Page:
Clyde Snow is a practitioner of forensic anthroplogy. He is employed by police forces and governments in every continent to identify human remains, to interpret the "signatures" in skeletons that are as good as fingerprints in distinguishing one individual from another. Over the last two decades, forensic anthropologists have extended their field of activity from police morgues and air-crash sites to the political arena. Among Snow's most celebrated cases have been the Nazi war criminal Josef Mengele, the victims of serial killer John Wayne Gacy, the soldiers who died with General Custer at Little Big Horn in 1876 and the thousands in Argentina who "disappeared" under the military junta. This book is a scientific study in which the adventures of Clyde Snow are interwoven with an exploration of the techniques used in the Mengele investigation and in criminal and political cases all over the world. It reads like a detective story and at the same time traces the dramatic advances that have been made in forensic methodology.
Comments: (7)
elektron
Need to finish this book, I am anxious to read the rest of the book.
TheJonnyTest
To many people should be a must, to to acknowledge the cruelty of our world (since the very beginning). Is it in our genes??
Unsoo
Another good forensics book if you are into learning of such things. Just like the other forensics book I did a review on it was recommended reading for a CEC credit course I was taking. Yup, nailed the course with a 96, glad I bought it and read it.
Global Progression
A gripping story about the modern origins of forensic anthropology, expertly told in vivid writing. The topic has gotten only more important as international tribunals for Yugoslavia and Rwanda, and domestic truth commissions continue the work of uncovering and prosecuting atrocity crimes.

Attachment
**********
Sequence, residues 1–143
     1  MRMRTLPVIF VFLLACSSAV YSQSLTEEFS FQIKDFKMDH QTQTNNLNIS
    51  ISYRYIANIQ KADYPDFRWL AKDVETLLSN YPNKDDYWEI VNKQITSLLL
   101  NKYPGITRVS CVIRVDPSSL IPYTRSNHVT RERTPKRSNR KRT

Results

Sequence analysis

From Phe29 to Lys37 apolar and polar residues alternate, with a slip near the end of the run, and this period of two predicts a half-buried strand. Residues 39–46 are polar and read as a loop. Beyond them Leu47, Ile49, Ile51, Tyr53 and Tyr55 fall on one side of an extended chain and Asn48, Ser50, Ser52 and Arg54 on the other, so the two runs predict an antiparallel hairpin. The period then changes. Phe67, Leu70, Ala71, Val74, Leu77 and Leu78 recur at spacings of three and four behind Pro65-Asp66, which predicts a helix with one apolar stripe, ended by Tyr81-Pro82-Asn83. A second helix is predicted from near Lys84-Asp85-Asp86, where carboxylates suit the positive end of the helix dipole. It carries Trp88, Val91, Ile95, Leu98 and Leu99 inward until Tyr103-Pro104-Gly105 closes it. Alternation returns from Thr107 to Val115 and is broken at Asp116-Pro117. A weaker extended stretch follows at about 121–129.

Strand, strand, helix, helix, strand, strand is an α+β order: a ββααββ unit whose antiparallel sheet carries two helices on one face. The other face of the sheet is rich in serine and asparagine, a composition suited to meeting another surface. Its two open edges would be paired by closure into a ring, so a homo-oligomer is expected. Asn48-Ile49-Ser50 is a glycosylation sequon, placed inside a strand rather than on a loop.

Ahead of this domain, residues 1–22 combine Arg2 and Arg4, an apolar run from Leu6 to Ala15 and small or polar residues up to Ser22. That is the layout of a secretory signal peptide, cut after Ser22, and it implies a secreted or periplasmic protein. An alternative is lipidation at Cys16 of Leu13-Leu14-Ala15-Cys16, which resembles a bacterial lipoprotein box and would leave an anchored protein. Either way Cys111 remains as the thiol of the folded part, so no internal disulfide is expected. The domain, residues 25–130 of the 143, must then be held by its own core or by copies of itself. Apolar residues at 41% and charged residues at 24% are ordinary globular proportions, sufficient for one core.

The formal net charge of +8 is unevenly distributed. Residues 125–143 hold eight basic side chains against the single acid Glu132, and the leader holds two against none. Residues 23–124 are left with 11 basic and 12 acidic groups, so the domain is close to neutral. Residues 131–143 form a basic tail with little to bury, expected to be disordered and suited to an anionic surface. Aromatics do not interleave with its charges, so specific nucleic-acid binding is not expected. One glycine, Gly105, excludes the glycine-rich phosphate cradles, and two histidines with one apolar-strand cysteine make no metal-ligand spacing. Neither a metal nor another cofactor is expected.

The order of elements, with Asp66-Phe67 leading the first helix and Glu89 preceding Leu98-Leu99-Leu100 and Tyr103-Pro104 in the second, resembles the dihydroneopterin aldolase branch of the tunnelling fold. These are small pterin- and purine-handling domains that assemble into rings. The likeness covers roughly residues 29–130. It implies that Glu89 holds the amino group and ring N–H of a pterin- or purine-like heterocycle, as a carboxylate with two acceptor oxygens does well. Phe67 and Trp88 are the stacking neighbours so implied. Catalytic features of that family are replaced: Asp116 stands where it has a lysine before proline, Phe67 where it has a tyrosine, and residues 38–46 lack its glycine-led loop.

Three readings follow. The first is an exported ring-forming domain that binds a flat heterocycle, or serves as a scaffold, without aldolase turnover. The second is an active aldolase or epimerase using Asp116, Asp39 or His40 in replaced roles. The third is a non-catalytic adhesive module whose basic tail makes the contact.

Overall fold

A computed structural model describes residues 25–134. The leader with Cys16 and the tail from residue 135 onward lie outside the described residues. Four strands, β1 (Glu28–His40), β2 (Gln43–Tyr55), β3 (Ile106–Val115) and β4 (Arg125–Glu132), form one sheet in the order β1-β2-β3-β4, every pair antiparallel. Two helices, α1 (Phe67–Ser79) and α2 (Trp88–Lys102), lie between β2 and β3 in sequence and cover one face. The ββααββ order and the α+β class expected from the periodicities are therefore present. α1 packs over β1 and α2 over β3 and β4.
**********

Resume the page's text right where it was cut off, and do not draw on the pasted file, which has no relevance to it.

Vijora
The Prologue tell of Clyde Snow's visit to Bolivia. Their law allowed the police to arrest anyone off the street and send them to a work camp without a trial. Some of these died from being shot while in custody. Clyde Snow's father was an M.D. who practiced in the Texas panhandle, east of Lubbock and beside the railroad. Chapter 1 tells of Snow's life and career. Hunters, and gatherers of wild crops, are famed for discovering lost bodies (p.33). Chapter 2 tells of the trial of Dr. John Webster for the murder of Dr. George Parkman. It gives the history of forensic identification by Bertillon and Vucetich. Chapter 3 tells of the trial of Adolphe Luetgert, who killed his wife and boiled her body in lye to destroy the evidence. The influence of Bertillon advanced forensic anthropology in Europe (p.77). Diet and modern medicine have changed bones (p.83). Anthropologists helped to identify the remains of dead soldiers, and recalculated height from the femur (p.84)

Page 101 tells of the "human error" involved in body identification after an airplane crash (Chapter 4). Chapter 5 tells how the identity of murder victims can be established by recreating a face from a skull, but its not perfect. It won't work if the family will not identify the victim. Chapter 6 tells how the identity was found for a modern mummy. Chapter 7 tells of identifying the bones found at the site of "Custer's Last Stand". Was George Armstrong Custer really buried in General Custer's tomb (p.146)? Chapter 8 tells how Snow identified the skeleton of Josef Mengele. Was there conflict amount the government agencies (p.162)? Chapter 9 has the final solution to the identity of Josef Mengele with "reasonable scientific certainty" (p.200). Chapter 10 tells how they found Mengele's dental records (p.208). They could not do DNA testing (p.211).